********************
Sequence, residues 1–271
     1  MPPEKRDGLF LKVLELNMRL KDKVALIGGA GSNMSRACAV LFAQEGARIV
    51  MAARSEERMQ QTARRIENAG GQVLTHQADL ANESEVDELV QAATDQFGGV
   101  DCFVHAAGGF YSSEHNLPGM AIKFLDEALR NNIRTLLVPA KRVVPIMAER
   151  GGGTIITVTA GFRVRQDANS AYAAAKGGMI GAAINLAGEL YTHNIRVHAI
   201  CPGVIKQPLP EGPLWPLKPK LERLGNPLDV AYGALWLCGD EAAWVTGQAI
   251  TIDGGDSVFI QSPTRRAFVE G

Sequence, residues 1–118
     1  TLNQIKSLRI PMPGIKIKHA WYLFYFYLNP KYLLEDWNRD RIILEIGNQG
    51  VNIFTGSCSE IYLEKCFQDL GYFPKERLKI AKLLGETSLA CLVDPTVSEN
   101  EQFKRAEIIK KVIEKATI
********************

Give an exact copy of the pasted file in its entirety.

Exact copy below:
Sequence, residues 1–271
     1  MPPEKRDGLF LKVLELNMRL KDKVALIGGA GSNMSRACAV LFAQEGARIV
    51  MAARSEERMQ QTARRIENAG GQVLTHQADL ANESEVDELV QAATDQFGGV
   101  DCFVHAAGGF YSSEHNLPGM AIKFLDEALR NNIRTLLVPA KRVVPIMAER
   151  GGGTIITVTA GFRVRQDANS AYAAAKGGMI GAAINLAGEL YTHNIRVHAI
   201  CPGVIKQPLP EGPLWPLKPK LERLGNPLDV AYGALWLCGD EAAWVTGQAI
   251  TIDGGDSVFI QSPTRRAFVE G

Sequence, residues 1–118
     1  TLNQIKSLRI PMPGIKIKHA WYLFYFYLNP KYLLEDWNRD RIILEIGNQG
    51  VNIFTGSCSE IYLEKCFQDL GYFPKERLKI AKLLGETSLA CLVDPTVSEN
   101  EQFKRAEIIK KVIEKATI